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11th of May

When Mother’s Day Reminds You of Death—The Way to Find Life


Mother’s Day, 2002

I called my mother to make sure she received the dozen red carnations I sent as a surprise.

“They’re gorgeous!  But you said you weren’t sending me flowers for Mother’s Day this year because of the bench.”

“I know.  But you’ve always told me flowers should be given to the living, not the dead.”

She laughed.

I hadn’t planned on sending flowers.  I had bought her a bench.  A pale yellow, wood-slatted bench with a robin’s egg blue metal frame I found in an antiques store.  Circa 1936.  The year of her birth. We were going to place the bench in her new front yard—the yard of the house my husband and I bought for her that spring—the house close to ours in Wisconsin.  She was all set to move from Ohio where she’d lived all her life.

In two short weeks.

She’d be five minutes from us and live out the rest of her years there, taking our kids to the community pool down the street, pushing them on the swings in the park right across from her house. We would plant red geraniums and smell her tea roses, just like we always did together.  And we would sit on her bench where she’d drink Diet Rite or maybe split a Rolling Rock with me, just like way back when.

When she moved to Wisconsin, I thought I’d have the most pleasant slice of my childhood back, before our relationship turned and it took more than a decade to calm.  I itched to have my mother in close proximity again.  I longed to have her close to her three Russian treasures, our adopted kids then 10, 8 and 3.  I wanted her to watch them grow up. My dream was so close.

Two short weeks.

“Won’t be long, Mom!  I’m SO happy you’re moving here!”

“Me too!  I’ve got the moving company all lined up!”

We said our good-byes on the phone.  It was 11:00 AM.

 

Morning after Mother’s Day, 2002

I’m holding a basket of laundry between my left hand and hip.  My right hand reaches for the ringing phone.  It’s my sister.  I continue walking down the upstairs hall.  Just as I reach the top of the stairs, she blurts it out.

“Mom’s dead.”

I drop the laundry basket, clothes spilling down the steps.  I fall onto the top step.

I got the facts:  Misdiagnosed heart attack.  Went to the ER Mother’s Day night, complaining of shoulder pain—vomiting—sweating.  Didn’t do an EKG.  Didn’t draw blood.  Diagnosed her with flu and sent her home.  At 1 AM.  An hour after Mother’s Day ended.  And then, our mother ended.  In her bed.  Alone.  Found the next morning by her best friend who had come to check up on her.

Sitting on that top step, the guttural groans came from a depth I didn’t know existed in me. I heaved sobbing.  As if I could defy death with my triple command . . .

“NO!  NO!  NO!”

I wanted her back.  I would SCREAM her back!

By the end of the day, my husband, three kids and I were packed into our van, heading to Ohio.  I stared ahead, unable to speak, exhausted and numb.  I don’t remember anything of that seven-hour drive except that I spent much of it writing her eulogy on a white pad of paper—something about the beauty of tea roses even though their stems were covered in thorns.  No wonder Mom loved tea roses, I thought.  She was one.  Sweet one moment, she could make you bleed the next.  But her fragile, defended soul was worth finding—worth navigating past those thorns.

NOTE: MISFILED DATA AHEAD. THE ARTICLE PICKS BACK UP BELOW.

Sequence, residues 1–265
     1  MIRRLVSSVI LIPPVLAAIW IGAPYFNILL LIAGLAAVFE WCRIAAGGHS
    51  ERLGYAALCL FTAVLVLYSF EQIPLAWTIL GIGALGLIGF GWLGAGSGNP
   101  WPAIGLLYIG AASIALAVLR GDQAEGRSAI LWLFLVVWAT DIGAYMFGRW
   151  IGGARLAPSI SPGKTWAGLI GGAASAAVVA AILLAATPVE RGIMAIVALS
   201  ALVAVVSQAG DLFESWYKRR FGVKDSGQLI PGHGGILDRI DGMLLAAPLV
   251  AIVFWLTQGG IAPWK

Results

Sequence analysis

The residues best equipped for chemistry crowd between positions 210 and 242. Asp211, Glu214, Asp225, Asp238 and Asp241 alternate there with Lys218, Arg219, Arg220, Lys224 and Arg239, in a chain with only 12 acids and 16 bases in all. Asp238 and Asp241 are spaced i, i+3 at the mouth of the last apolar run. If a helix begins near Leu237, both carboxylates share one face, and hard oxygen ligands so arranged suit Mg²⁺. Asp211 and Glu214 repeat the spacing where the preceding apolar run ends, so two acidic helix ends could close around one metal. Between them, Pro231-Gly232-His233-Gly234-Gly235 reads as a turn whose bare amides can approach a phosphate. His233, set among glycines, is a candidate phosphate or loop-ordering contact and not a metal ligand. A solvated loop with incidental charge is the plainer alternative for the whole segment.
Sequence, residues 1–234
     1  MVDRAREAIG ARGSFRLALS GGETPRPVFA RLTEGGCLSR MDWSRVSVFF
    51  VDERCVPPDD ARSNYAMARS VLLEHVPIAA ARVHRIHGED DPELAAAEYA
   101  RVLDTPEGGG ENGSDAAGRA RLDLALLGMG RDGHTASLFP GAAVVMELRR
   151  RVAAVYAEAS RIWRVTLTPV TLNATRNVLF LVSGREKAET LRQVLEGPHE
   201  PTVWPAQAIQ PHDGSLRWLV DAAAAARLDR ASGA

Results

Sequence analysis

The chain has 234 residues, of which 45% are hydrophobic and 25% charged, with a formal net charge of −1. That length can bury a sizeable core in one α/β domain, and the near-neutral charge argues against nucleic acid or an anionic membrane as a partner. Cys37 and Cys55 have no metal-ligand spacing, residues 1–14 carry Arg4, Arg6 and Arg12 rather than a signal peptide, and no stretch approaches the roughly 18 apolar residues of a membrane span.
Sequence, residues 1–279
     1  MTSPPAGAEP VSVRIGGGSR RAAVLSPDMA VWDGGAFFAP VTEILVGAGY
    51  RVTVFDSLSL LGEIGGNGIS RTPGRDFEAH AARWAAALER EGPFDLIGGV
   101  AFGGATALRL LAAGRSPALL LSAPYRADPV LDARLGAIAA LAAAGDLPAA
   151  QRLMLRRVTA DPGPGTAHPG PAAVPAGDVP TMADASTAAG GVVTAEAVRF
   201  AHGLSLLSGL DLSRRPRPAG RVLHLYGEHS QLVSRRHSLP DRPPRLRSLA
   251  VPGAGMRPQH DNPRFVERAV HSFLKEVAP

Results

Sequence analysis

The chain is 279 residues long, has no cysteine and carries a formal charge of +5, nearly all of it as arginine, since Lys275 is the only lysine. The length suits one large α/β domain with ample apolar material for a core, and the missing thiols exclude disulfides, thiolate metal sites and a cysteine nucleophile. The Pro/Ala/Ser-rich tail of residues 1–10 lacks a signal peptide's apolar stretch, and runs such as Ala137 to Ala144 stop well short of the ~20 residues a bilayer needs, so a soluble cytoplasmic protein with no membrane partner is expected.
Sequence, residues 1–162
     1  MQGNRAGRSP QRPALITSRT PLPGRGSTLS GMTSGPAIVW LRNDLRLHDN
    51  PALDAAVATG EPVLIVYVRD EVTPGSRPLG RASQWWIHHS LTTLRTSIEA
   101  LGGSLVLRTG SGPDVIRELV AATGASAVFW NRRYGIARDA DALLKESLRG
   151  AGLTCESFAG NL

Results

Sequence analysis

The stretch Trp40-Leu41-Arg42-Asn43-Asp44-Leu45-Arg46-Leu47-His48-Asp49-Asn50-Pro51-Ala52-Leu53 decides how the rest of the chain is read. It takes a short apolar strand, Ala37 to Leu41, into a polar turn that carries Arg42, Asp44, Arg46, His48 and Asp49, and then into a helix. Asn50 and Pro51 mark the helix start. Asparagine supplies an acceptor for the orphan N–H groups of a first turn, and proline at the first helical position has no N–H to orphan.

My mother was 65 the day she died.  It was the spring after 9/11 when the Twin Towers came down.  And I felt, on the day of her death, that she and I had somehow fallen together.  Like I had lost a huge part of me—someone who understood what it is to be wounded—and to wound—to forgive—and to embrace in the end like you’ve never done until then.

We were two women who came to an understanding about wounds and scars.  That wounds and scars don’t mean we can’t learn how to love—to love better—if we choose.  I came to realize that having a mother who hurt means I had a mother who was hurt.  The wounded wound.  That’s what we do.  Until we learn to receive the love we all need to heal.  Then we can be real.  We can be tender.  We can overcome broken places with God’s grace.

I’m still learning.  It’s a life-long process, I guess.  I fail too often, still.  My ways still hurt others sometimes.  Others’ ways still hurt me sometimes.  Sometimes, I just don’t let it go.  I guess that’s the way of humanity until we choose to connect closely, letting old wounds surface and be seen so they can be loved and healed.

Sometimes our way needs to be turned upside-down by God’s Way that extends love undeserved.  Because of the One who wore the crown—the thorns.  Because of the One pierced for the Wound-er in us all.  Because of the One who bled and died and rose again so we could rise again, after every wound, and love the ones we want so desperately to love us.

Wounds withdraw.  Love draws near. 

Wounds lash out.  Love heals.

I brought out her bench from the garage today, a bit more rusted than last summer.  My geraniums are still on our family room floor, stretching toward the sun, growing strong, waiting for the day I’ll carry them out to that bench and sit them down on the ground.  That bench.  That Mother’s Day bench—where I’ll sit and sip that ice water with lemon, saying once again in this new season of life . . .

Happy Mother’s Day, Mom. You’re right.  Flowers should be given to the living, not just the dead.  So should forgiveness. I learned to love you well, while you were still here.  Now I can sit on this bench, alone, and be grateful. 

 

 

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